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re(3p)           Perl Programmers Reference Guide          re(3p)


NAME
       re - Perl pragma to alter regular expression behaviour

SYNOPSIS
           use re 'taint';
           ($x) = ($^X =~ /^(.*)$/s);     # $x is tainted here

           $pat = '(?{ $foo = 1 })';
           use re 'eval';
           /foo${pat}bar/;                # won't fail (when not under -T switch)

           {
               no re 'taint';             # the default
               ($x) = ($^X =~ /^(.*)$/s); # $x is not tainted here

               no re 'eval';              # the default
               /foo${pat}bar/;            # disallowed (with or without -T switch)
           }

           use re 'debug';                # NOT lexically scoped (as others are)
           /^(.*)$/s;                     # output debugging info during
                                          #     compile and run time

           use re 'debugcolor';           # same as 'debug', but with colored output
           ...

       (We use $^X in these examples because it's tainted by
       default.)

DESCRIPTION
       When "use re 'taint'" is in effect, and a tainted string
       is the target of a regex, the regex memories (or values
       returned by the m// operator in list context) are tainted.
       This feature is useful when regex operations on tainted
       data aren't meant to extract safe substrings, but to per-
       form other transformations.

       When "use re 'eval'" is in effect, a regex is allowed to
       contain "(?{ ... })" zero-width assertions even if regular
       expression contains variable interpolation.  That is nor-
       mally disallowed, since it is a potential security risk.
       Note that this pragma is ignored when the regular expres-
       sion is obtained from tainted data, i.e.  evaluation is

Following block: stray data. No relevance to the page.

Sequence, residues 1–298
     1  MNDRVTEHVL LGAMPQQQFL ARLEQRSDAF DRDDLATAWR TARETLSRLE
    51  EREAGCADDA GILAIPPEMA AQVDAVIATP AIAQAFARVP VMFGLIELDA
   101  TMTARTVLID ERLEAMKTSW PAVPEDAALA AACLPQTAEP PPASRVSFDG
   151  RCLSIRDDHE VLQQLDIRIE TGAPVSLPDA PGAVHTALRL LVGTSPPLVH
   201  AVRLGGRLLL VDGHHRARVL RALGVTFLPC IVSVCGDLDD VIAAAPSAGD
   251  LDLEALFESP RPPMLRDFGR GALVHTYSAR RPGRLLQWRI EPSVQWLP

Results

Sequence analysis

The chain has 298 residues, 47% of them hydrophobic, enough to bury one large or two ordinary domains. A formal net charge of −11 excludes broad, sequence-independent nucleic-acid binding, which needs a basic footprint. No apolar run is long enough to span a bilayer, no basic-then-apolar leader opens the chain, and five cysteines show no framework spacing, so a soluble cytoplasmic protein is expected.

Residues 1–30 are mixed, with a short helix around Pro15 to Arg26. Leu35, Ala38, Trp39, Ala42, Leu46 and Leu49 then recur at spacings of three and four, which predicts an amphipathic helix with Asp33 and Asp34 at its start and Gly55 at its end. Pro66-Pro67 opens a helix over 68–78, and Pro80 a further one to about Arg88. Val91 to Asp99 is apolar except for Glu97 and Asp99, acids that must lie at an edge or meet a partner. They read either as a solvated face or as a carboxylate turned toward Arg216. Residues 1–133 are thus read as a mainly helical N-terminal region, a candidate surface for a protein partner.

always disallowed with tainted regular expresssions.  See
       "(?{ code })" in perlre.

       For the purpose of this pragma, interpolation of precom-
       piled regular expressions (i.e., the result of "qr//") is
       not considered variable interpolation.  Thus:

           /foo${pat}bar/

       is allowed if $pat is a precompiled regular expression,
       even if $pat contains "(?{ ... })" assertions.



perl v5.8.5                 2002-11-06                          1





re(3p)           Perl Programmers Reference Guide          re(3p)


       When "use re 'debug'" is in effect, perl emits debugging
       messages when compiling and using regular expressions.
       The output is the same as that obtained by running a
       "-DDEBUGGING"-enabled perl interpreter with the -Dr
       switch. It may be quite voluminous depending on the com-
       plexity of the match.  Using "debugcolor" instead of
       "debug" enables a form of output that can be used to get a
       colorful display on terminals that understand termcap
       color sequences.  Set $ENV{PERL_RE_TC} to a comma-sepa-
       rated list of "termcap" properties to use for highlighting
       strings on/off, pre-point part on/off.  See "Debugging
       regular expressions" in perldebug for additional info.

       The directive "use re 'debug'" is not lexically scoped, as
       the other directives are.  It has both compile-time and
       run-time effects.

       See "Pragmatic Modules" in perlmodlib.







































perl v5.8.5                 2002-11-06                          2